Research Projects, Interests, and BackgroundAt VIMS, I work with Matt Kirwan studying the impacts of pant-soil feedbacks on future carbon accumulation in salt marsh under elevated temperature, CO2, and sea level by integrating 1) simple dynamic models, 2) complex dynamic models, and 3) experimental data. The simple models are theory-based, mechanistic models of plant physiology and soil biogeochemistry. The complex models forecast carbon accumulation in marsh and capture elevation-dependent, or eco-geomorphic, feedbacks. The data are from an ongoing marsh manipulation experiment at the Smithsonian Environmental Research Center where temperature and CO2 conditions have been actively elevated in a brackish marsh.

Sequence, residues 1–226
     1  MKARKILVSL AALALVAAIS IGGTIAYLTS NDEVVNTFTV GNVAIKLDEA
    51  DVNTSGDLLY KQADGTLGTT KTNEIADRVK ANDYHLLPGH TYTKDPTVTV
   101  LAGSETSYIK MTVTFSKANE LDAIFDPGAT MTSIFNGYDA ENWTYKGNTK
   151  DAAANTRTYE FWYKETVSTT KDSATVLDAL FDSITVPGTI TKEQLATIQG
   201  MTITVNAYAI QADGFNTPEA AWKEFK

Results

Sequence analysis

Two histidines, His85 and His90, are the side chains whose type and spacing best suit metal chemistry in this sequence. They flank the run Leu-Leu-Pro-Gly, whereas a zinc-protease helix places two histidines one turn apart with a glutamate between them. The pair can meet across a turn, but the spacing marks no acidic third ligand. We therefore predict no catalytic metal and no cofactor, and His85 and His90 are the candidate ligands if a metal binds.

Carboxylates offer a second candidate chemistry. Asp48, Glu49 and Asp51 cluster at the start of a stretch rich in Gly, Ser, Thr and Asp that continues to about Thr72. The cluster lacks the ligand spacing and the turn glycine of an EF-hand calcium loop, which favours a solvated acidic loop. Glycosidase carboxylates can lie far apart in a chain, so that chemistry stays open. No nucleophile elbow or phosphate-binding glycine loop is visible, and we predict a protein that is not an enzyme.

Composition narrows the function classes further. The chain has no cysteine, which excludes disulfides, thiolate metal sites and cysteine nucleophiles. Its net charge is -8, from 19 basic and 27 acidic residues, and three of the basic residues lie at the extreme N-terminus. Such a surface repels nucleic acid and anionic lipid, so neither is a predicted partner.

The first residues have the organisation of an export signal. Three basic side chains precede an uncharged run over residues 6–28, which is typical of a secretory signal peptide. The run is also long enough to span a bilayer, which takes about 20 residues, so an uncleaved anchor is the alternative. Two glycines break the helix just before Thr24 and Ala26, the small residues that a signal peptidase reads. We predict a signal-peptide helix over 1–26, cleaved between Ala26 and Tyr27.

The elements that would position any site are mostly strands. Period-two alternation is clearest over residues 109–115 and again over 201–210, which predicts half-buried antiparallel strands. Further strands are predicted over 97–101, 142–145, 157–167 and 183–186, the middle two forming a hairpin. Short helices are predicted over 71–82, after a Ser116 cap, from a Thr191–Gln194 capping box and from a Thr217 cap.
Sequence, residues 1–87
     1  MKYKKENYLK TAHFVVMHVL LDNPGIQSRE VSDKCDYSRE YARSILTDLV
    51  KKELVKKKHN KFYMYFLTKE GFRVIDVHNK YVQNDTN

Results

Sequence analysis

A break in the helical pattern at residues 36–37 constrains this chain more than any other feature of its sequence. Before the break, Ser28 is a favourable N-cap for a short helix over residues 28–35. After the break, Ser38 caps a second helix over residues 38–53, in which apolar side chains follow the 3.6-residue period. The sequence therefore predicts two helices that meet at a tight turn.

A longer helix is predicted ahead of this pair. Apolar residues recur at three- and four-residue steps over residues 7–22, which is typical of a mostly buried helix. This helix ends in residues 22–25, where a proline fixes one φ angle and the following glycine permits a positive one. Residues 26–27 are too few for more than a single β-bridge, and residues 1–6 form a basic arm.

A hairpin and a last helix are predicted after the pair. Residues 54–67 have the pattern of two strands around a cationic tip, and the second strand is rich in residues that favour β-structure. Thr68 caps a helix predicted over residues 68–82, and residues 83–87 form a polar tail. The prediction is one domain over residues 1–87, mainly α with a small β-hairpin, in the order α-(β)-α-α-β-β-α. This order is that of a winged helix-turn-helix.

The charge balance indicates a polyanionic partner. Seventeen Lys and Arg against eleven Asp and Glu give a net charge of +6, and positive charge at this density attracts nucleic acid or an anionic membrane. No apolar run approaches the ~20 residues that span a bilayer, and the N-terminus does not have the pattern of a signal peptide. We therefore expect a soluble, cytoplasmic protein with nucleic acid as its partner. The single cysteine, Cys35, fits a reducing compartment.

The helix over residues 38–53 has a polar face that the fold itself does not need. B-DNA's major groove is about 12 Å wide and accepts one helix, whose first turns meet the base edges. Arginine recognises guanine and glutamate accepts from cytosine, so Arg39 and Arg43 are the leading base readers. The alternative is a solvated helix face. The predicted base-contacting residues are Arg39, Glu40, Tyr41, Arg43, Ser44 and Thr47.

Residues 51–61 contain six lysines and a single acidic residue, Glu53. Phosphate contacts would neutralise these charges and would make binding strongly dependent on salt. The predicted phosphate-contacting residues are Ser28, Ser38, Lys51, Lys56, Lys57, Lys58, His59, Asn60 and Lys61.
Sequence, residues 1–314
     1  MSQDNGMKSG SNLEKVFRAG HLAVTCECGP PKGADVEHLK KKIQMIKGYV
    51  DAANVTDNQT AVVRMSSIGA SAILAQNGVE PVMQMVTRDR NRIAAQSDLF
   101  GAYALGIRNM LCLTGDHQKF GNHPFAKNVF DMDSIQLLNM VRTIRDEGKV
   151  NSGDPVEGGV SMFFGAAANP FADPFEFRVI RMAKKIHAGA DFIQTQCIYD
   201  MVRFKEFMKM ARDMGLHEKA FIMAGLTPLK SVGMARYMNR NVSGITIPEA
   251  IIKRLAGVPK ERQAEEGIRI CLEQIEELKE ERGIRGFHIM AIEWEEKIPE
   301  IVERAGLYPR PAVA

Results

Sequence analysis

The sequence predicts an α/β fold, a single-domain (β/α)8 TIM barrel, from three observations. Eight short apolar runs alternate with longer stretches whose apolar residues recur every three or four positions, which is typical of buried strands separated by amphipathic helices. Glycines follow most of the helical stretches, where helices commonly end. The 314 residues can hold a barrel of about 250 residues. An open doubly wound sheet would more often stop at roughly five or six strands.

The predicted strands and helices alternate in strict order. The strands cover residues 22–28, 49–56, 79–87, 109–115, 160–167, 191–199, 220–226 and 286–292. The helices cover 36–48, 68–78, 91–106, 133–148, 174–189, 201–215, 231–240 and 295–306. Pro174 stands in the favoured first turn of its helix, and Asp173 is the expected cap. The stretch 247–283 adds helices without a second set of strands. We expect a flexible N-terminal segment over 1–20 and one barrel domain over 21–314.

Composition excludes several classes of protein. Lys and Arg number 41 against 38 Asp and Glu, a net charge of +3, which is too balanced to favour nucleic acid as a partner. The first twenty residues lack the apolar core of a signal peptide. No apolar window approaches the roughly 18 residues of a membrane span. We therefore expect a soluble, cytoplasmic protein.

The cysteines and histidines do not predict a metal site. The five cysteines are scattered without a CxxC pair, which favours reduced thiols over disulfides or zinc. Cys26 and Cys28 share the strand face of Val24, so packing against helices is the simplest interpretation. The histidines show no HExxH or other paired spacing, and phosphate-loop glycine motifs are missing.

I am generally interested in how different modeling approaches produce different insights into how ecosystems function and much enjoy conversations about modeling philosophy and the histories of ecosystem ecology and geomorphology. My PhD was in river ecosystem ecology, investigating the consequences of phytoplankton “growth-in-motion” during river transit on the spatial structure and function of river ecosystems. Before that, I got a masters in computer science and then worked as a professional data scientist on problems in avian informatics as part of the eBird team at the Cornell Lab of Ornithology. There, I developed novel modeling approaches enabled by machine learning for 1) continent-scale species distribution modeling 2) acoustic detection.